7. Click on any red dot to see its attributes in a pop-up window. The pop-up provides the address and the number of cases at that address.
Create a Heat Map
Snow collected data and recorded it on his map so he could determine where the greatest number of cholera cases and deaths occurred. This was a laborious process for Snow, but GIS provides tools that help us answer this question quickly. Geocoding the addresses and cholera data opens the door to many analysis processes in GIS. We’ll employ only one of these analysis processes today. We’ll analyze the location of cholera cases by creating a heat map. Heat maps use point layer data to calculate and display relative density. The colors are most intense where the most points are concentrated together. Here, we don’t want to locate where the greatest number of dots is but rather the greatest number of cases.
  1. Turn on Public water pumps
  2. Hover your cursor over the name of the layer, Cholera cases by address. When you do this, you will see a series of icons appear beneath the layer name. If you hover over an icon, you will see what it does. Click the Change Style icon.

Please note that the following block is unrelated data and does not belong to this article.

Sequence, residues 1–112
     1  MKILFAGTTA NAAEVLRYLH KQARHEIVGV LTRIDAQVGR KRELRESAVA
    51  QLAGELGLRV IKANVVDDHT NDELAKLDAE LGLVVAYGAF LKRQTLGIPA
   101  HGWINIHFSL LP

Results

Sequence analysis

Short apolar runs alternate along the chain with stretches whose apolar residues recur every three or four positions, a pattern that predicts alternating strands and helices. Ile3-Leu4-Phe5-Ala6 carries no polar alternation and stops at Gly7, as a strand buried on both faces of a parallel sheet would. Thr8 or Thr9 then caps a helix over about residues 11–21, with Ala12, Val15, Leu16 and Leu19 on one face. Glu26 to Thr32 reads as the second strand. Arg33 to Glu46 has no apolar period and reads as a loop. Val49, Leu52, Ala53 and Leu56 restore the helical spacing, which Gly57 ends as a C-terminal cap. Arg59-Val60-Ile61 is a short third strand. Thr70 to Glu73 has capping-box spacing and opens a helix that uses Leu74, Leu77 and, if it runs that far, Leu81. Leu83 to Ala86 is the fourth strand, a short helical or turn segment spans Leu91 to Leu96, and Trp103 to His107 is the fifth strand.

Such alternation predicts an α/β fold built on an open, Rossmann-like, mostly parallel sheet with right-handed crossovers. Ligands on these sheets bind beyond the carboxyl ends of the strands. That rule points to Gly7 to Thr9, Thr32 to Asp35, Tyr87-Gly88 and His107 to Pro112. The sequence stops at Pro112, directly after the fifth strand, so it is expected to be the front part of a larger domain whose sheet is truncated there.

3. Now you will change the map style to a heat map. Under Choose an attribute to show, select Num_Cases. In other words, we are telling the program that we want to create a map that focuses on the number of cases at any location.
  4. Under Select a drawing style, select Heat Map, then Options.
  5. Move the Area of Influence slider slightly to the right to enlarge the area of highest density on the map.
  6. Click OK, then Done. Your map now looks like this. The yellow area indicates the part of Soho where the greatest number of cholera deaths occurred. As you move through orange, red, and purple to blue areas, the density of cholera cases drops off.
  7. Click on the pump symbol in the center of the yellow area to learn its name. This is the famous Broad Street pump. Snow’s painstaking analysis of the same data led him to the conclusion that the Broad Street pump was the source of the Soho epidemic. When the pump handle was removed, preventing people from using it, the epidemic came to an end. Through spatial analysis, many lives were saved and cholera was confirmed as a water-borne disease.
  8. Before you create your story map, make the following adjustment to your map. Click the dots below John Snow’s 1854 map of cholera cases and select Hide in Legend. This will simplify the legend in the story map you are about to create.